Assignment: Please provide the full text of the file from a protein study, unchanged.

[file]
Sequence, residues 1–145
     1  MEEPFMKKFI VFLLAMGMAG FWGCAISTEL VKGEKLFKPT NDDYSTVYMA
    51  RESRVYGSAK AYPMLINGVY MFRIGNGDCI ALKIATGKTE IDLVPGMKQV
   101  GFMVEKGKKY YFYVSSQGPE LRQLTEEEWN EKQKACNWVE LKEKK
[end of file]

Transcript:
Sequence, residues 1–145
     1  MEEPFMKKFI VFLLAMGMAG FWGCAISTEL VKGEKLFKPT NDDYSTVYMA
    51  RESRVYGSAK AYPMLINGVY MFRIGNGDCI ALKIATGKTE IDLVPGMKQV
   101  GFMVEKGKKY YFYVSSQGPE LRQLTEEEWN EKQKACNWVE LKEKK